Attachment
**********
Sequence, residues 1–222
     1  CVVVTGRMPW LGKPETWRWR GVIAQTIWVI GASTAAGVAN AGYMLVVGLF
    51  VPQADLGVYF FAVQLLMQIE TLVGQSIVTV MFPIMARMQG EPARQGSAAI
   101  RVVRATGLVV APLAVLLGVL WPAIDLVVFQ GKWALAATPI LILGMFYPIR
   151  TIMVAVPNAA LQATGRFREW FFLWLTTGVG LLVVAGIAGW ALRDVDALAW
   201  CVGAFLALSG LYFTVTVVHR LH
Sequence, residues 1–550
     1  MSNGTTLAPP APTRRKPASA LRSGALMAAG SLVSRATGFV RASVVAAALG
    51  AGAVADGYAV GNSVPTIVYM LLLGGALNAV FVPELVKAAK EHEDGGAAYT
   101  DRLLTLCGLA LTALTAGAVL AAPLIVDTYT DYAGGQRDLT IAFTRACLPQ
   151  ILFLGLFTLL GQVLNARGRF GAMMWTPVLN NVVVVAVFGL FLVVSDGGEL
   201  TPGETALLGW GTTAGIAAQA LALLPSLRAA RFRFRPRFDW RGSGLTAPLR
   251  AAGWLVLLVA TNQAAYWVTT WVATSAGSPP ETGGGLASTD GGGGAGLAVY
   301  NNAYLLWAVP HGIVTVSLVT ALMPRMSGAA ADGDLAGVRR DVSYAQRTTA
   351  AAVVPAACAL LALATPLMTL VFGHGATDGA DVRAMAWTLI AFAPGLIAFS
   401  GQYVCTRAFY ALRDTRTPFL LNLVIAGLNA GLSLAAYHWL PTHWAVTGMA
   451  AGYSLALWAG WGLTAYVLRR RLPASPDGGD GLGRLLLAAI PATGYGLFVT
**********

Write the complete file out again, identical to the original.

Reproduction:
Sequence, residues 1–222
     1  CVVVTGRMPW LGKPETWRWR GVIAQTIWVI GASTAAGVAN AGYMLVVGLF
    51  VPQADLGVYF FAVQLLMQIE TLVGQSIVTV MFPIMARMQG EPARQGSAAI
   101  RVVRATGLVV APLAVLLGVL WPAIDLVVFQ GKWALAATPI LILGMFYPIR
   151  TIMVAVPNAA LQATGRFREW FFLWLTTGVG LLVVAGIAGW ALRDVDALAW
   201  CVGAFLALSG LYFTVTVVHR LH
Sequence, residues 1–550
     1  MSNGTTLAPP APTRRKPASA LRSGALMAAG SLVSRATGFV RASVVAAALG
    51  AGAVADGYAV GNSVPTIVYM LLLGGALNAV FVPELVKAAK EHEDGGAAYT
   101  DRLLTLCGLA LTALTAGAVL AAPLIVDTYT DYAGGQRDLT IAFTRACLPQ
   151  ILFLGLFTLL GQVLNARGRF GAMMWTPVLN NVVVVAVFGL FLVVSDGGEL
   201  TPGETALLGW GTTAGIAAQA LALLPSLRAA RFRFRPRFDW RGSGLTAPLR
   251  AAGWLVLLVA TNQAAYWVTT WVATSAGSPP ETGGGLASTD GGGGAGLAVY
   301  NNAYLLWAVP HGIVTVSLVT ALMPRMSGAA ADGDLAGVRR DVSYAQRTTA
   351  AAVVPAACAL LALATPLMTL VFGHGATDGA DVRAMAWTLI AFAPGLIAFS
   401  GQYVCTRAFY ALRDTRTPFL LNLVIAGLNA GLSLAAYHWL PTHWAVTGMA
   451  AGYSLALWAG WGLTAYVLRR RLPASPDGGD GLGRLLLAAI PATGYGLFVT